I am making a vow, Fantasia said

No more innuendo or men

The universe heard, every well-meaning word

‘Tis the way that the universe works

And God likes a joke, like a mischievous bloke

Who plays practical jokes upon jerks

What sound is that, our Fantasia thought

Absentmindedly watching a deer

Like a low distant grumble, a curious rumble

Got louder, and odder, and near

Suddenly, far in the distance, a herd

Of curious cockerels appeared

Oh my goodness, she said, and reached for the salts

For a sniff’s always good when a-feared

They’re coming, they’re coming, the curious cocks

They’re growing, they’re growing in size

Not surprising as they were much nearer by then

Running swifter than any crow flies

The cocks are upon me, Fantasia cried

Like a rabbit in lamplight she froze

As, eager to play and all puffed in display

They peck, pecked, at her skirts and her toes

They were all shapes and sizes, blue, green and red

Some aggressive, some shy and retiring

Some had a wild beady look in their eyes

And one had no cylinders firing

It was surely a shock, the appearance of cock

In the midst of the island idyll

Ironic in fact in the light of the pact

Fantasia had made with her quill

Fantasia Lavender Fortescue-Prendergast

Suddenly knew what to do

For all that was needed to scare off the cocks

Was the swish of her skirts and a “Boo!”

Growing smaller, and smaller, the curious cocks

Disappeared as fast as they came

‘Twas all quite astounding, Fantasia thought

And the universe reckoned the same

*

Fantasia Lavender Fortescue-Prendergast

Philosopher, poet, and muse

Inspired by the tale of the curious cocks

Penned a verse to surprise and amuse

The wink of the sailor boy on the way back

Made her flush with a blush that was red

There was something about him that floated her boat

“Just call me Fanny” she said

*

by Gail

 

 

 

 

 

 

 

 

 

 

 

 

 

 

 

 

 

 

 

 

 

 

 

 

 

 

 

 

 

 

 

 

 

 

 

 

 

 

 

 

 

 

 

 

 

 

 

 

 

 

 

 

 

 

 

 

 

 

 

 

 

 

 

 

 

 

 

 

 

 

 

 

 

 

 

 

 

 

 

 

 

 

 

 

 

 

 

 

 

 

 

 

 

 

 

 

 

 

 

 

 

 

 

 

 

 

 

 

 

 

 

 

 

 

 

 

 

 

 

 

 

 

 

 

 

 

 

 

 

 

 

 

 

 

Satire and The Soul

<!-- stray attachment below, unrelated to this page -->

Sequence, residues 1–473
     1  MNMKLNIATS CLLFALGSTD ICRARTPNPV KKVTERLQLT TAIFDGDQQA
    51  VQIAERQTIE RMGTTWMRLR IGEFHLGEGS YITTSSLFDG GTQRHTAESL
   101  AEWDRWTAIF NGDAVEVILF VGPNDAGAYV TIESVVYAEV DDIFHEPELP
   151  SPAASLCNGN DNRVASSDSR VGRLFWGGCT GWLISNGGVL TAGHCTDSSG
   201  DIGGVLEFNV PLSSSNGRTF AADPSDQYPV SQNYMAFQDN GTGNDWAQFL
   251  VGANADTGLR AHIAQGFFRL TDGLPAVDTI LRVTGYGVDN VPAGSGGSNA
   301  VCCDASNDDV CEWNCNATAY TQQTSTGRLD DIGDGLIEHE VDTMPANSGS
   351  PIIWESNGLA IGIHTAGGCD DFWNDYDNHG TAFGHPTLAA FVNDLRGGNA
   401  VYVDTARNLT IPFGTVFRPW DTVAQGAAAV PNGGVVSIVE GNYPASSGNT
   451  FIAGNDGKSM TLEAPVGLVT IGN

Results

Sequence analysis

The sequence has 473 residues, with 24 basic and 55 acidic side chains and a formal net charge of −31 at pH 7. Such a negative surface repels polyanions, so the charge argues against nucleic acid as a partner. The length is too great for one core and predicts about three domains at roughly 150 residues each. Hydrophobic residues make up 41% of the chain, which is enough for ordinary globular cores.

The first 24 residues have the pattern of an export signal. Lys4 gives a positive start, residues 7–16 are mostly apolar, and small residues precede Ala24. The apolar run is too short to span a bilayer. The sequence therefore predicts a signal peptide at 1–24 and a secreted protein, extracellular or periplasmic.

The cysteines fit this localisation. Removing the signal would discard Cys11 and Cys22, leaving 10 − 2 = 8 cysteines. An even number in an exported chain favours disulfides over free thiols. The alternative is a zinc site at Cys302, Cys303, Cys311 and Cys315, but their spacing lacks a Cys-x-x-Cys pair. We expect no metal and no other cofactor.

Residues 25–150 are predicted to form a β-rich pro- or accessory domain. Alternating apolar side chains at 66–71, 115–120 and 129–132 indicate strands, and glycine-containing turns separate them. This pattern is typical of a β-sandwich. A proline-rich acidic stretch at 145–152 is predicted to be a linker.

Kevan Manwaring, in his book The Bardic Handbook, suggests that we

satirise ourselves in order to see how it feels…

 

With satire comes responsibility

Thus spake the bard, regarding cosmic law

‘Tis true that thought and act and speech are free

But heed the truth learned by the bards of yore

What goes around and round will soon return

To that dark human place where it began

And pain shall be the lesson he shall learn

Who points his pen in anger at a man

Lest he forget, we none of us shine bright

That are not sullied by some silent shade

And he who seeks another man to slight

May curse the pen that bore the words he made

For what we see in others, we have known

Some simple human neediness or greed

The weakness we perceive is like our own

Who knows a tree that has not seen a seed

So satirise yourself, so spake the bard

Before you dare another man to mock

And turn upon yourself a light as hard

As that with which you wish a man to shock

Unshadow your shortcomings, write them true

Or fall upon your failings like a sword

For this is what you would to others do

And thine own self hast thine own pen ignored

Now weigh the pain you draw like blood from light

With cut of blade, of swift and vicious pen

Look down upon yourself from lofty height

As you would fain look down on other men

What do you see, but merely flesh and fear

A naked frightened soul that cries for love

All sorrow bound and clothed in darkness drear

With eyes up turned in hope to light above

Have pity, spake the bard, for every word

You wield will have the power to wound or heal

Remember what you here have seen and heard

Think twice before you cause a man to feel

The lacerations of your jagged wit

The schadenfreude of your savage ire

Lest you be made to join him in the pit

Lest you be so consumed in that same fire

He snuffed the candle flame, picked up his book

And left the poet, wise from sorrow shown

An unveiled mirror’s face in which to look

At imperfection that was his alone

 

With satire comes responsibility

For what goes forth returns, of that be sure

And you are that which you in others see

The naked frightened soul the poet saw

 

by Gail